What I’m getting at is that I’m not quite sure when that first little tooth came out or even which one it was, exactly, though I remember snapping a picture of her when it happened. Side Note: The Old Soul — like one of my big sisters — chose to save her baby teeth for eternity in a fancy little box. She did not part with a single one of her teeth. As such, in a motherly fashion, I bothered to wrap each and every one of them in a tissue with the date she lost it… See, I’m not a totally lost cause! And, in a dictated note, the Old Soul explained very nicely to the Tooth Fairy, that she preferred to forgo the money and keep the prize — her tooth — instead.
Imagine my surprise when The Boys were wrestling — something I was warned not to let them do because of the potential atlanto-axial instability (advice I never heeded, which is, thankfully, a position now supported by research) — and My Little Man accidentally head-butted My Big Man in the mouth. When the blood cleared, the little tooth on the bottom left was heartily loosened and darn-near hanging by a literal thread. GREAT!, I thought. He’s knocked his tooth out and it’ll be years before we see another one in that spot. Days went by and though the tooth loosened — I could get my thumbkin and pointer on it — when I tugged I might as well have been lifting all 57 lbs of boy right up off the floor. It wasn’t coming out and he was NOT happy with my repeated attempts. This, of course, just confirmed to me that the tooth was prematurely knocked loose. Why else would those final few threads be holding on so tightly… it just wasn’t their time!
A week passed and I continually checked that the tooth was still there. The Big Man would no longer let me near his mouth after those first few extraction attempts so verifying was no easy task. But, I didn’t want him to swallow it for obvious reasons — think Marley & Me and the golden necklace. On the same day that my online, twin-mama friend, Sara, announced that one of her also-5 1/2-year-old twin girls lost her bottom left incisor (’cause she’s the kind of mama that scrapbooks absolutely everything that happens including the proper scientific name of the first tooth lost LOL) My Big Little Man bit into a slice of pizza for school lunch and finally lost his bottom left incisor.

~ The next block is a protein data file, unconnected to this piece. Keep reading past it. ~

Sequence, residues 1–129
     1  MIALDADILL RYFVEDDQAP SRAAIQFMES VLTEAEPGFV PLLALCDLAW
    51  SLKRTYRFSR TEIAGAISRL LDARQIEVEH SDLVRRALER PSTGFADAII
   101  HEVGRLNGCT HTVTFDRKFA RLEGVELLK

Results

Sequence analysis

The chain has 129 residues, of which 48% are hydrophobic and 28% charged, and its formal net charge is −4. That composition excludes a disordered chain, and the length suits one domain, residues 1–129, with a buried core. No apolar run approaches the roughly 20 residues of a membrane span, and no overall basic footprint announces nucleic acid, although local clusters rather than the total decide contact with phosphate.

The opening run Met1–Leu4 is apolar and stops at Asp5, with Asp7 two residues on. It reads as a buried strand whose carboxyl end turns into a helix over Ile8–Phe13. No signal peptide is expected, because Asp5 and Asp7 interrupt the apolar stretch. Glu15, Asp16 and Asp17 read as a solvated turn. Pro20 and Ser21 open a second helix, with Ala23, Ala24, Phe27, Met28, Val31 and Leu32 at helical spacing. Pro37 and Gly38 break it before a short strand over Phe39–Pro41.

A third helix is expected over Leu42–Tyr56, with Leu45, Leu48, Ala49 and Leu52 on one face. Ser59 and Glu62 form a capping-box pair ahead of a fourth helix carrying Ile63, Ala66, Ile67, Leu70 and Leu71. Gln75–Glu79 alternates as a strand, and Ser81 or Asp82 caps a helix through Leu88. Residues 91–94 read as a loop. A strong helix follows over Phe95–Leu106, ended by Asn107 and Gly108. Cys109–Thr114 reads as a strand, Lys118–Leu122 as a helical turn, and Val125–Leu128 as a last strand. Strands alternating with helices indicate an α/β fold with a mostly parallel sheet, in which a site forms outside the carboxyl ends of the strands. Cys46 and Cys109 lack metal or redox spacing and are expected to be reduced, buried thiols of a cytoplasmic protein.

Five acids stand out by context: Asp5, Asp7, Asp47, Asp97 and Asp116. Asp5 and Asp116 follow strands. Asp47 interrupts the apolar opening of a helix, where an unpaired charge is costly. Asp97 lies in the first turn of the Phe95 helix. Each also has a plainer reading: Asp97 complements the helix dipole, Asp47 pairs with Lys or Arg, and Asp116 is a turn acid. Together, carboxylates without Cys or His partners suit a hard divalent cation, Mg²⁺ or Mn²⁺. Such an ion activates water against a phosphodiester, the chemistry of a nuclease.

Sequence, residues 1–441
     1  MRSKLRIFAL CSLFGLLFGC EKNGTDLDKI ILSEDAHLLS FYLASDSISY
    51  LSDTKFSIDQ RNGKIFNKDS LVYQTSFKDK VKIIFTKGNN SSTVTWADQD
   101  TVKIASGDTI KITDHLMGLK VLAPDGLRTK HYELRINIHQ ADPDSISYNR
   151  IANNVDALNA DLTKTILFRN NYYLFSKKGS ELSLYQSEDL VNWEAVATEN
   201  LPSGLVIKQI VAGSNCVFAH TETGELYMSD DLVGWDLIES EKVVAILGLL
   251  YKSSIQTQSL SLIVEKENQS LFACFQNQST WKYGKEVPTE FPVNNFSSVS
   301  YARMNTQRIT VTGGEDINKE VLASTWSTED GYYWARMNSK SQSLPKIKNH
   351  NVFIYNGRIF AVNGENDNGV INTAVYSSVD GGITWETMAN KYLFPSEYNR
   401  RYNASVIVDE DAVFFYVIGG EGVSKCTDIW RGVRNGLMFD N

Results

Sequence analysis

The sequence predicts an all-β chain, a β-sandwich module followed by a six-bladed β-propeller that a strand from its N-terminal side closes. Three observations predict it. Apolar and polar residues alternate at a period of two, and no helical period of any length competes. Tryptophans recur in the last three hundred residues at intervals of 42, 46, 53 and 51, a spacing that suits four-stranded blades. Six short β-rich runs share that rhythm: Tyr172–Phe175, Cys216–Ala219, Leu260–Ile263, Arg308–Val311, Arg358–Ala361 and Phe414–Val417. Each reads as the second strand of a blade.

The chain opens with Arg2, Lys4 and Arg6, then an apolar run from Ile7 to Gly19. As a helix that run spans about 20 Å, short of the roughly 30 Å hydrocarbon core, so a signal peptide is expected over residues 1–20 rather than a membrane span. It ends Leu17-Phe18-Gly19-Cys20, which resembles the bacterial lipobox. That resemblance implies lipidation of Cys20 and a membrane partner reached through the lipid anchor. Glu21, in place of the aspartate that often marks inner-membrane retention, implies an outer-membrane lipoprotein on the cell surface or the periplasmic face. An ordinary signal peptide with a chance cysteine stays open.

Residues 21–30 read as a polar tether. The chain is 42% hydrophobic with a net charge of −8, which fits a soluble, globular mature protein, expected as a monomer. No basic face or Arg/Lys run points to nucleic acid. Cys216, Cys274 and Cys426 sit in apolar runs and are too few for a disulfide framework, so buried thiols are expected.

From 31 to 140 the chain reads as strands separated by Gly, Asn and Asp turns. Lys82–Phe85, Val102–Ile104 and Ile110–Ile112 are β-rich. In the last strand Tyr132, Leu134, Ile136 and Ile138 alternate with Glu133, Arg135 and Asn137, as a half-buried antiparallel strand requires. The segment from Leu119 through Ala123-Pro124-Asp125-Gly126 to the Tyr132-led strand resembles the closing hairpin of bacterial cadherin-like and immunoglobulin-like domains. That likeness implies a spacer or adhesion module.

Yes, folks, he’s keeping up with the “typical” kids! And, right below that incisor was a new Big Boy tooth waiting patiently (unlike me) to see the light! So, as it turns out, though the head-butting game he played with The Little Man may have accelerated the timing ever-so-slightly, that tooth was coming out anyway… and at just the right time.
So what about the Tooth Fairy, you ask? Sadly, seeing The Rock’s portrayal of the Tooth Fairy during this trauma, My Big Little Man decided he doesn’t want any GIANT, baby-blue satin-clad, cat-scaring, hockey-playing, winged fairy anywhere near him as he “peeps”. “NO Toof-Fairy Mommy!”
I guess I’ll just wrap his little tooth up in a tissue and mark it with the date, his name and the tooth’s proper scientific name and position: bottom left incisor (we live and learn) and put it in my very own little gold box. Like my sister and the Old Soul, I’m more interested in the prize — his first lost tooth — than the money (which may be why I’m always broke LOL)!
Related Link: Dental Care for Children With Down Syndrome